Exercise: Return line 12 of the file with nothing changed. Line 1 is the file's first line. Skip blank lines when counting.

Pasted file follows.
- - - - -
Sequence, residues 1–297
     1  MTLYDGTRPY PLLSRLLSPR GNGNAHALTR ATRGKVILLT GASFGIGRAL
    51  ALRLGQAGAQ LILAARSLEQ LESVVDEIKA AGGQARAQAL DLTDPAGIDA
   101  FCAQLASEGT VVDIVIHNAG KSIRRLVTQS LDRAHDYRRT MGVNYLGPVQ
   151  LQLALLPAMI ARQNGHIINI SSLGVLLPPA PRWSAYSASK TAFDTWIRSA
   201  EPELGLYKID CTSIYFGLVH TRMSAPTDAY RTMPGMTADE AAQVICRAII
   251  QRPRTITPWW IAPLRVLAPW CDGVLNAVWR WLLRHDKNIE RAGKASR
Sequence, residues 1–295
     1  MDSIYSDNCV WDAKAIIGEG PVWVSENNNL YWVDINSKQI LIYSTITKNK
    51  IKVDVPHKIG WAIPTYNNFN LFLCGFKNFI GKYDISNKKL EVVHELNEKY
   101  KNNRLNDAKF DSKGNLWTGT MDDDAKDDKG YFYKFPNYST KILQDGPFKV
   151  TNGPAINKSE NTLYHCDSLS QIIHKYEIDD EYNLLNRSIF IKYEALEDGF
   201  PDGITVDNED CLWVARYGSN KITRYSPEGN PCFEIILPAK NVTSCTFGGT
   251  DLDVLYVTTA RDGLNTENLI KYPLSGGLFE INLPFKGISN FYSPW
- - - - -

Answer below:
   151  TNGPAINKSE NTLYHCDSLS QIIHKYEIDD EYNLLNRSIF IKYEALEDGF